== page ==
Kerry warns of 'apartheid' without Middle East peace
The US Secretary of State, John Kerry, has warned that Israel risks becoming "an apartheid state" if a two-state solution to the conflict with the Palestinians does not emerge soon.
His comments were captured in a recording of a closed-door meeting, the Daily Beast reported.
The current round of direct peace talks between the Israelis and Palestinians appear to be at an impasse.
But President Barack Obama has said the US will not abandon its peace efforts.'Only real alternative'
The US state department is telling everyone that it's no big deal that John Kerry used the 'A' word to describe the impact on Israel if the two-state solution for the Israel-Palestinian conflict collapses.
A spokeswoman has pointed out that senior Israeli politicians have also referenced apartheid before when talking about the risks to Israel's reputation. This point though is frankly spin. It is one thing for Israeli politicians to use provocative language in their own political arena. When used by the US secretary of state it adds legitimacy to the debate about whether there is an equivalence between the old South African regime and the situation on the West Bank.
Whether the "apartheid" reference was a gaffe or deliberate there is no doubt that Secretary Kerry believes Israel's government is stubbornly ignoring his warnings that a failure to agree a peace deal will feed a campaign trying to delegitimise their state.
Mr Obama has previously rejected the use of the term "apartheid" in discussion of the Middle East peace process, calling it unhelpful and inaccurate.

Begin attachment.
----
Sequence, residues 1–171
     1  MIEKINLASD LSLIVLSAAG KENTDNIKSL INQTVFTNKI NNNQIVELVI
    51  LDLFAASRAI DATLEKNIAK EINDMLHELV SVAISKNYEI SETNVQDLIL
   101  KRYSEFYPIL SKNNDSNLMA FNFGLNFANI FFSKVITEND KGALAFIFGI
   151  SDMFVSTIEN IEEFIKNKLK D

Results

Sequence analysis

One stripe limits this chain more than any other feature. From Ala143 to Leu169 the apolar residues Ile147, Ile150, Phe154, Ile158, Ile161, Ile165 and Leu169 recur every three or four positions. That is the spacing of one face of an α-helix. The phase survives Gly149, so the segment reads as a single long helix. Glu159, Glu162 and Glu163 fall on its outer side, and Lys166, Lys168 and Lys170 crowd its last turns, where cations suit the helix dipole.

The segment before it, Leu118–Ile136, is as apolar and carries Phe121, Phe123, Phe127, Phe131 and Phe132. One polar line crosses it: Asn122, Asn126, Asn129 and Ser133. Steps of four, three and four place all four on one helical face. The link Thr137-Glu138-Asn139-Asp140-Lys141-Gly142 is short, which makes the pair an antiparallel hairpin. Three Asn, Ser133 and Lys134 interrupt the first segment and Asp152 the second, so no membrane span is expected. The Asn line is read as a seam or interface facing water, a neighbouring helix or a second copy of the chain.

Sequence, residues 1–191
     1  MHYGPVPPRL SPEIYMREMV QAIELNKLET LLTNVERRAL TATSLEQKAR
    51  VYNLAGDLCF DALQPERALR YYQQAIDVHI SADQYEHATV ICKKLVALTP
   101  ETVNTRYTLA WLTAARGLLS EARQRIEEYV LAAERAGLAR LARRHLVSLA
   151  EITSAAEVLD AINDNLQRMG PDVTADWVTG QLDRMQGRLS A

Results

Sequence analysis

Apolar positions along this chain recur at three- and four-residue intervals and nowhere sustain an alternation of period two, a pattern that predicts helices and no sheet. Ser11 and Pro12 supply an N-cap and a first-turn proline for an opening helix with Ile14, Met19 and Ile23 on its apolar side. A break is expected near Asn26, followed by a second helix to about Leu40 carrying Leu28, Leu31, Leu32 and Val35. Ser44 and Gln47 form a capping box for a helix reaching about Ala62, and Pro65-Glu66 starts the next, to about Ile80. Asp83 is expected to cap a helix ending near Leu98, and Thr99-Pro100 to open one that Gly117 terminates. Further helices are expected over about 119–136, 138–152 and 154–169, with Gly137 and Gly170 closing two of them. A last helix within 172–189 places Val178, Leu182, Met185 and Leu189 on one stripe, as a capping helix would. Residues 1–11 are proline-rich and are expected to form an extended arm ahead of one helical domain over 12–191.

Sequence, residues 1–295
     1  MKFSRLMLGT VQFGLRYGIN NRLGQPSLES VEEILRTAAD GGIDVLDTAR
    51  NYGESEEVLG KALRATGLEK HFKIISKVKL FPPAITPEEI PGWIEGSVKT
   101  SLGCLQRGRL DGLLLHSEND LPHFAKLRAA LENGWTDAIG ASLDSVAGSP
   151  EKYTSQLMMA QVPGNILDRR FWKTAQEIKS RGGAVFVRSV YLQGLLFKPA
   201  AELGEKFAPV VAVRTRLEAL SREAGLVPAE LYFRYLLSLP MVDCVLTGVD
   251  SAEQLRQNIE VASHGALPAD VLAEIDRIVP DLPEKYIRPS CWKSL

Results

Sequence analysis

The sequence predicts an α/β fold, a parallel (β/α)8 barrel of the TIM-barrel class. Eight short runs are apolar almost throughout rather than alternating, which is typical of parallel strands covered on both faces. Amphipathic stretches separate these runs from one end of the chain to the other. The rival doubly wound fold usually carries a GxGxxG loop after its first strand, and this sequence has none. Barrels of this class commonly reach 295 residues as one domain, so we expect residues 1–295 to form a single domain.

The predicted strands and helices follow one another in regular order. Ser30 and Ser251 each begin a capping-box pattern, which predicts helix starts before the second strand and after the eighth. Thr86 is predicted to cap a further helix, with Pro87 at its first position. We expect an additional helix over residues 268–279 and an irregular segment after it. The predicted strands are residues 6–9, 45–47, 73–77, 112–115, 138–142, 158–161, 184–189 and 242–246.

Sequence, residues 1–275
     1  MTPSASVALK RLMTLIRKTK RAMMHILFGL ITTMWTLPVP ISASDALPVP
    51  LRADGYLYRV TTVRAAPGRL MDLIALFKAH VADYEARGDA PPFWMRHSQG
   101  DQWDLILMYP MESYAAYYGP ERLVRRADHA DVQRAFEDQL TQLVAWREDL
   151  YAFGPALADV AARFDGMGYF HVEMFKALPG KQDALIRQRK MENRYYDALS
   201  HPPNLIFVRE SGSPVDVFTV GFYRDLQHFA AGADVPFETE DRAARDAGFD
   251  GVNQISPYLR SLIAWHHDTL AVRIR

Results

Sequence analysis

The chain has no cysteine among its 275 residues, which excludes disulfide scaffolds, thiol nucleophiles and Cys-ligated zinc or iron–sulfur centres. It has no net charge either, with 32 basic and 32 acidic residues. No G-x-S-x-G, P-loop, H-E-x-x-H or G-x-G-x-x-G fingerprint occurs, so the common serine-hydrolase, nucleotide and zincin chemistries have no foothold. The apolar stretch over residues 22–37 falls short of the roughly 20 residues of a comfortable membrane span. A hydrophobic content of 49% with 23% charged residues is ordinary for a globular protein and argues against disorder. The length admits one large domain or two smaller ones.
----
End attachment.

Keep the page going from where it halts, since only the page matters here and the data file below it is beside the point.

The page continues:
But in remarks before a group of high-ranking officials from the US, Europe and Japan known as the Trilateral Commission, Mr Kerry used the word.
"A two-state solution will be clearly underscored as the only real alternative," Mr Kerry said, according to the Daily Beast.
"Because a unitary state winds up either being an apartheid state with second-class citizens - or it ends up being a state that destroys the capacity of Israel to be a Jewish state."
Mr Kerry also reportedly suggested a peace deal was more likely to come with a change in Israeli and Palestinian leadership, and strongly criticised Jewish settlement construction on occupied territory.
The American-Israel Public Affairs Committee (Aipac) condemned his comments as "deeply troubling".
"Any suggestion that Israel is, or is at risk of becoming, an apartheid state is offensive and inappropriate," it said in a statement.Suspended talks
In a statement to the BBC, the US state department noted that Israeli leaders had used the term "apartheid state" before, to warn of the consequences of the failure of the peace process.
"Secretary Kerry, like Justice Minister [Tzipi] Livni, and previous Israeli Prime Ministers [Ehud] Olmert and [Ehud] Barak, was reiterating why there's no such thing as a one-state solution if you believe, as he does, in the principle of a Jewish state," spokeswoman Jen Psaki said.
"He was talking about the kind of future Israel wants and the kind of future both Israelis and Palestinians would want to envision. The only way to have two nations and two peoples living side by side in peace and security is through a two-state solution. And without a two-state solution, the level of prosperity and security the Israeli and Palestinian people deserve isn't possible."
Last week, Israel suspended the current round of US-brokered peace talks, which resumed last July after a three-year hiatus, demanding the annulment of a reconciliation agreement between two main Palestinian factions.
Fatah, which is led by Palestinian Authority President Mahmoud Abbas, and Hamas, which governs Gaza, said they planned to form a unity government in the coming weeks.
Hamas rejects Israel's right to exist and is designated a terrorist group by the US, EU, Israel and other countries.
Mr Netanyahu told the BBC that Mr Abbas could "have peace with Israel or a pact with Hamas - he can't have both".
The US expressed "disappointment" over the unity deal, but pushed for the talks to continue.
Last week, Mr Obama said his administration would continue to offer "constructive approaches". But he added that "neither side had political will to make tough decisions" and that there might need to be a pause in the process.